shit dude, travis called them “the rem of our generation”

I put the kibosh on their first album for being too “Built to Spill.” I still think I was right. It was Oregon in the ’90s, obviously, because Built to Apill was an abundant and acceptable reference point. In the first part of summer, 2000, Joe and I rode bikes to see Death Cab play the Meow Meow, 300-capacity, all ages so BlowPops and Select Black Cherry shilled in place of beer, one of the first shows with their old drummer Michael, who moonlit as a clerk at Everyday Music and sold us Joe Pass records for probably way too cheap. We listened to Joe Pass’ ’70s jazz guitar *Virtuoso* & Genesis Lamb Lies Down on Broadway like every goddamn day that summer (so much prog, so much Timex Social Club on cassette), and I remember thinking Death Cab were mushy. Not mushy-love-mushy, but mushy, smushy; not distinctly defined. So hot off the release of their major-label debut–and long after The OC began kowtowing to the ad-Christ–is probably a silly time to come around on Death Cab. But fuck it: homeslice has the voice of a pedicurist, a thurrapist, and/or the lady running the $15/hour water-massage booth at the Sea-Tac mall, alabaster and nuzzling and lingering to assuage the purge. Ben Gibbard and I are the same age, we have always been the same age, but right now i can look tracks 1, 7, and 9 in their pupils and something registers, something resonates. I got you, Gibs.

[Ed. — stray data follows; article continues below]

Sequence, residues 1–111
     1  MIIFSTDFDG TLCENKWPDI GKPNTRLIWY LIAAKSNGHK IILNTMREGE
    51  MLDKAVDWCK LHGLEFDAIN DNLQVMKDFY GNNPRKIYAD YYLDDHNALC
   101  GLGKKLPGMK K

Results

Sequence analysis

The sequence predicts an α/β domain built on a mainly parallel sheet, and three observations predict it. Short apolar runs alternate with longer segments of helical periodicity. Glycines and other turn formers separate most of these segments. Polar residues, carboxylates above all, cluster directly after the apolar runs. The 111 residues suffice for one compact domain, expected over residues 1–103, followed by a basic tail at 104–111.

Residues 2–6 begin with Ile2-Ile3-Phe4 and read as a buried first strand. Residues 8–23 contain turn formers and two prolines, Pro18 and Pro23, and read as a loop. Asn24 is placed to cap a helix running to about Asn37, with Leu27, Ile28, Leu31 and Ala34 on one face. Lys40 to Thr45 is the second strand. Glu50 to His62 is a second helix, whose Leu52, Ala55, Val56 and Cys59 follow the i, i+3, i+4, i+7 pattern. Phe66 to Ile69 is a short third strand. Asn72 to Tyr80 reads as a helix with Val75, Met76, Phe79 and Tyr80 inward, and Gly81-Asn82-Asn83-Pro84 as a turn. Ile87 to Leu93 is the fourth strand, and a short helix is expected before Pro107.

I don’t know if this makes me zeitgeistical post facto or what. My friend, a dedicated fan, thinks “What Sarah Said” is the only truly stand-out song. Not sure I can really tell the difference. But I listened to it and I like Plans.

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One Response to shit dude, travis called them “the rem of our generation”

  1. sted says:

    i mean o.c. is clearly the ruler by which indie rock is to be measured.

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